Experience of moral distress among doctors at emergency departments in Stockholm during the Covid-19 pandemic: a qualitative interview study.

Brune C, Agerholm J, Burström B, Liljas A

Int J Qual Stud Health Well-being 19 (1) 2300151 [2024-01-00; online 2024-01-23]

The COVID-19 pandemic and consequent strain on healthcare globally shed light on the concept of moral distress among healthcare workers, albeit to a smaller extent among doctors at emergency departments. This study aimed to examine moral distress as perceived by medical doctors working at emergency departments in Stockholm during the pandemic, with the purpose of investigating causes of moral distress and methods to manage moral distress. Semi-structured interviews were conducted with twelve doctors working at two emergency departments. A questionnaire was developed based on previous research and the interviews were analysed qualitatively through thematic analysis. The themes "The factors that precipitated moral distress", "Experience of workplace support" and "Coping strategies" as well as seven subthemes and 15 codes were identified. The informants reported on various situations with different causes of moral distress. Common causes were resource depletion, such as hospital bed shortages, and following stricter triage criteria. Informants reported varying ways of managing moral distress. Informants experienced moral distress when faced with challenges such as resource depletion, rules and regulations, and colleagues' decisions. The informants who chose to seek support received it from their workplace, which helped them cope with their experiences. Some informants chose to not seek support.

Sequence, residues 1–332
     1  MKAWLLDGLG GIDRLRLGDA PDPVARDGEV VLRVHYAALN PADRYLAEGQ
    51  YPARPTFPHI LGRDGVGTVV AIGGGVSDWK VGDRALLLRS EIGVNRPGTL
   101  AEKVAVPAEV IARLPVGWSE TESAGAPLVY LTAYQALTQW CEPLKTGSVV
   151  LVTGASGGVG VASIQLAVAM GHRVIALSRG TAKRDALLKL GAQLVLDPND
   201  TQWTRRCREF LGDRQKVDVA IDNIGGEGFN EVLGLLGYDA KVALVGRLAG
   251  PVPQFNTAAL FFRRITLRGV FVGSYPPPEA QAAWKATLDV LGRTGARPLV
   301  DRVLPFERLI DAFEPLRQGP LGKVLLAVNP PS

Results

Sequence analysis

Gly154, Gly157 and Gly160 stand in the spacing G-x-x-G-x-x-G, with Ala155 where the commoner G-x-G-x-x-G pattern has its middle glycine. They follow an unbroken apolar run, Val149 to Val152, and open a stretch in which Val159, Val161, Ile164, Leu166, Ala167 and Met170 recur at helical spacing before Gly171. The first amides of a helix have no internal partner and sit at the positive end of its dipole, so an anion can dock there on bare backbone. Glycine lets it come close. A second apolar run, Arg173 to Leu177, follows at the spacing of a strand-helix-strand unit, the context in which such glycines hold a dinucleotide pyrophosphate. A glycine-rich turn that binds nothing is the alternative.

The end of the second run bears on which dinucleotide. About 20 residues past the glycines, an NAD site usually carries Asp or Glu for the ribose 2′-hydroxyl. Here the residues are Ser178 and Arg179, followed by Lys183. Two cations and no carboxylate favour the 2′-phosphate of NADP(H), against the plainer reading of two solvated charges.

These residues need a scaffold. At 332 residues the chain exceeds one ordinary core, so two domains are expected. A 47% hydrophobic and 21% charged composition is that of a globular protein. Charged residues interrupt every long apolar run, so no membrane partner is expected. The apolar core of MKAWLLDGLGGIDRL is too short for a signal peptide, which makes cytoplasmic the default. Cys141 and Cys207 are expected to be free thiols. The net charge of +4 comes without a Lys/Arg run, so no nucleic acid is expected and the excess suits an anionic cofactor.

Category: Social Science & Humanities

Type: Journal article

PubMed 38258523

DOI 10.1080/17482631.2023.2300151

Crossref 10.1080/17482631.2023.2300151

pmc: PMC10810614

Publications 9.5.0